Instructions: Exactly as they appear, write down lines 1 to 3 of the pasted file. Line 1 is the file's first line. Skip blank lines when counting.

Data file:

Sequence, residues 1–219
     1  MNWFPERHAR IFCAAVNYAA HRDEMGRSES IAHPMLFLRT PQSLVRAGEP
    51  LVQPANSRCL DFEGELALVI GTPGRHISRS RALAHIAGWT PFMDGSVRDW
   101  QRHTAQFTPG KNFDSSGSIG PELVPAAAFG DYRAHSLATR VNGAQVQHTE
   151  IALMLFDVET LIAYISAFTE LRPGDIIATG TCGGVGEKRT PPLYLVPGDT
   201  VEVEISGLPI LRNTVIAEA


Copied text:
Sequence, residues 1–219
     1  MNWFPERHAR IFCAAVNYAA HRDEMGRSES IAHPMLFLRT PQSLVRAGEP
    51  LVQPANSRCL DFEGELALVI GTPGRHISRS RALAHIAGWT PFMDGSVRDW